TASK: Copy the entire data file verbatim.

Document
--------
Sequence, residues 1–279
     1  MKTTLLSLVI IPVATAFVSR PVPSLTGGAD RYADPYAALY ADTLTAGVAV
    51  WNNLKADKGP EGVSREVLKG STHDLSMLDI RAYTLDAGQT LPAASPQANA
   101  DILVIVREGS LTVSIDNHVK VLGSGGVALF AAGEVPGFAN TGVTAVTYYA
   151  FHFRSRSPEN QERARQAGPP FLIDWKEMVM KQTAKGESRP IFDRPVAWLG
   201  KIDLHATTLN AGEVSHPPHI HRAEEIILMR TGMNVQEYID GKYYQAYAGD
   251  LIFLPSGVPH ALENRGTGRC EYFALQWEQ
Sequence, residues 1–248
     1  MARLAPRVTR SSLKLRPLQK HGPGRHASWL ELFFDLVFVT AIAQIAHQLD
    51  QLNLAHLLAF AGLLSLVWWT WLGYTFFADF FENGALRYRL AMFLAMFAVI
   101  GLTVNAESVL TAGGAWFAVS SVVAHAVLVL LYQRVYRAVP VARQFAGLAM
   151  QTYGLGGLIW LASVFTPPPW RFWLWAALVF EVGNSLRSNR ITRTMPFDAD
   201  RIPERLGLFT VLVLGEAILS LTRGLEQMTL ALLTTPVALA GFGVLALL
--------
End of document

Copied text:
Sequence, residues 1–279
     1  MKTTLLSLVI IPVATAFVSR PVPSLTGGAD RYADPYAALY ADTLTAGVAV
    51  WNNLKADKGP EGVSREVLKG STHDLSMLDI RAYTLDAGQT LPAASPQANA
   101  DILVIVREGS LTVSIDNHVK VLGSGGVALF AAGEVPGFAN TGVTAVTYYA
   151  FHFRSRSPEN QERARQAGPP FLIDWKEMVM KQTAKGESRP IFDRPVAWLG
   201  KIDLHATTLN AGEVSHPPHI HRAEEIILMR TGMNVQEYID GKYYQAYAGD
   251  LIFLPSGVPH ALENRGTGRC EYFALQWEQ
Sequence, residues 1–248
     1  MARLAPRVTR SSLKLRPLQK HGPGRHASWL ELFFDLVFVT AIAQIAHQLD
    51  QLNLAHLLAF AGLLSLVWWT WLGYTFFADF FENGALRYRL AMFLAMFAVI
   101  GLTVNAESVL TAGGAWFAVS SVVAHAVLVL LYQRVYRAVP VARQFAGLAM
   151  QTYGLGGLIW LASVFTPPPW RFWLWAALVF EVGNSLRSNR ITRTMPFDAD
   201  RIPERLGLFT VLVLGEAILS LTRGLEQMTL ALLTTPVALA GFGVLALL